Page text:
MLB Commissioner Rob Manfred told Anderson Cooper on CNN that Major League Baseball would lose up to $4 billion if the 2020 season were canceled, and even more money if 82 games had to be played without fans in attendance. The Detroit Tigers were listed as the least unfortunate team, with a projected loss of $84 million over an 82-game season. Really? Let’s have a look at that claim.
“The economic effects are devastating, frankly, for the clubs. We’re a big business but we’re a seasonal business. Unfortunately, this crisis began at kind of the low point for us in terms of revenue since we hadn’t quite started our season yet. If we don’t play a season, losses for the owners could approach $4 billion.
MLB claimed, according to the Associated Press, that they would lose even more money, $640,000 for every game that is played without fans, if the players insisted on receiving prorated salaries as they had agreed in March.
The New York Yankees alone would have $312 million in local losses when calculating their earnings before interest, taxes, depreciation and amortization (EBIDTA). New York’s figure includes about $100 million toward the bonds that financed new Yankee Stadium, money that already has been paid for 2020.
Detroit would have the lowest negative EBIDTA — an accounting measure used to assess profitability — at $84 million, with Baltimore at $90 million, and Pittsburgh and Tampa Bay at $91 million each. Figures exclude distributions from the central office, which projects to collect $1.34 billion in media revenue.
So, we’re counting payments on real estate loans, but not counting a chunk of national media revenue? Okay.
On Tuesday, the owners proposed a salary structure that would pay players on a sliding scale between 20 percent and 90 percent of the already-reduced prorated salaries. This would leave players that were previously slated to make the league’s minimum salary ($563,500) with about 46 percent of that, or 90 percent of their prorated salaries. Players at the top of the pay scale would receive 10 cents on the dollar for every dollar in their contract above $20 million.
Here is the proposed pay scale:
- First $ 563,500 paid at 90%
- $563,501 to $1 million paid at 72.5%
- $1,000,001 to $5 million paid at 50%
- $5,000,001 to $10 million paid at 40%
- $10,000,001 to $20 million paid at 30%
- $20,000,001 and up paid at 20%
Note: A player’s proposed salary is determined by multiplying each bracket by the corresponding percentage and then multiplying that by the prorated salary, which is .506172 for 82 games.
The players are expected to make a counter-proposal which will keep the prorated salaries, but will call for more games to be played, up to 110 games. The two sides are apparently in agreement on expanding the playoffs.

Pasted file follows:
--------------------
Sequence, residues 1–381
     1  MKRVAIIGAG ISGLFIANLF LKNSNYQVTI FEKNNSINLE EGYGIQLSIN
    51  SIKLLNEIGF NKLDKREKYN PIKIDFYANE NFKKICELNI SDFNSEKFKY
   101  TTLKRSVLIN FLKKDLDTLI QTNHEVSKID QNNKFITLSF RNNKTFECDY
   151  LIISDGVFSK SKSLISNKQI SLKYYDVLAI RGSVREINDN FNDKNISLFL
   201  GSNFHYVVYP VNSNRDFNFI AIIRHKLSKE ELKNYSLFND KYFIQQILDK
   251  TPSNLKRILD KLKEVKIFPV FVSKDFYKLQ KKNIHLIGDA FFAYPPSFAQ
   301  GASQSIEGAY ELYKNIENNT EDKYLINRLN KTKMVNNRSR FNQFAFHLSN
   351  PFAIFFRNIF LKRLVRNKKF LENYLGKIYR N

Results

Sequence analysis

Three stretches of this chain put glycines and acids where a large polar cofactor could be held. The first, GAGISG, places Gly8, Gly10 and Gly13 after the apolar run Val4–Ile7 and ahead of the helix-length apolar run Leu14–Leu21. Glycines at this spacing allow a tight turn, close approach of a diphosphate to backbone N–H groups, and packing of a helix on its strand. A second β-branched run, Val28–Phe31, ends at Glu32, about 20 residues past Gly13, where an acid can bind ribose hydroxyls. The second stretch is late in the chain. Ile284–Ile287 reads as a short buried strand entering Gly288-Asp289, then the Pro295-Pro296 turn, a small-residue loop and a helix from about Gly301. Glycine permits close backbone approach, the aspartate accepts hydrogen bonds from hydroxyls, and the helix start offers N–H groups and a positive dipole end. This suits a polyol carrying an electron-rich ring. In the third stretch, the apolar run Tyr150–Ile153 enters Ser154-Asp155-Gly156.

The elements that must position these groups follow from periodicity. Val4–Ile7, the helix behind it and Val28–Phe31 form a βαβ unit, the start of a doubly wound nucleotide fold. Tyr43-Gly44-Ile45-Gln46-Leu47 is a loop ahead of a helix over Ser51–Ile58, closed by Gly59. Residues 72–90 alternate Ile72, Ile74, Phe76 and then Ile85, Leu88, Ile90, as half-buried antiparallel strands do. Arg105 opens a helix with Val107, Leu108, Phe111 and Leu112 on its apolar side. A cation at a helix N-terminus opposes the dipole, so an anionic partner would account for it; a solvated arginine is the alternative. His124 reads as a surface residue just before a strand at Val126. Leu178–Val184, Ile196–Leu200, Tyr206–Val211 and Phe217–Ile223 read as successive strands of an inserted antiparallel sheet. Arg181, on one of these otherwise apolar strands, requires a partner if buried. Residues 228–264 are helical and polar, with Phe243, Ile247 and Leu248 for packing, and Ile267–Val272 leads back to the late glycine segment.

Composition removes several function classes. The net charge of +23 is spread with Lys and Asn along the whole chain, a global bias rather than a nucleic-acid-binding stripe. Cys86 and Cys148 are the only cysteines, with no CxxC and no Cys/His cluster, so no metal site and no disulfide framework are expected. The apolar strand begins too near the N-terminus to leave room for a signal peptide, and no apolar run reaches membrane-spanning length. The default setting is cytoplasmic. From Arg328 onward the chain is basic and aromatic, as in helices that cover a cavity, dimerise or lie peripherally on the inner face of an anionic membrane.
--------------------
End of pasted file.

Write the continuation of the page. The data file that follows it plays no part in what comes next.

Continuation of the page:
Here is a rough estimate of what each Tigers player would receive if their salaries were prorated over 82 games, and how much they would make under the owners’ new proposal.
Detroit Tigers’ Pandemic Salaries
Salary figures, including the totals, are provided by Cot’s Contracts for the projected Opening Day roster. I’ve added one player to bring the total to 30, which is the roster size proposed in MLB’s plan, so there may be one minimum salary added to the totals if they play ball. A median figure is used for the 15 players at or near minimum salary.
These totals show that the Tigers would have a total payroll under $50 million if they paid the players a prorated share of their salaries over an 82 game schedule, and just $21.4 million if they adopted the owners’ proposal.
Prince Fielder would become the highest paid player in MLB according to the owners’ proposal, receiving an insurance payout through the Texas Rangers and a final payment of $6 million from the Tigers. Miguel Cabrera and Jordan Zimmermann would receive salaries of under $5 million.
One report from The Athletic suggested that the players could agree to play more games and receive 50 percent of their contracted salaries (sound familiar?). Agent Scott Boras blasted the owners’ proposal, suggesting that the owners want the players to bail them out of their payments due on real estate investments. Others have suggested that the owners have a cash flow problem, not necessarily related to baseball expenses, rather than a revenue problem. In that case, a deferment of salaries would seem to be a more appropriate remedy.
The bottom line is that Tigers are not going to lose money by reason of having to meet a payroll of $50 million. Even if local and national revenue were cut in half, there is more than enough there to meet that reduced payroll. If the owners want to cry poverty, they need to open the books and demonstrate how playing games will cost them money. Otherwise, pay the players and get the season underway.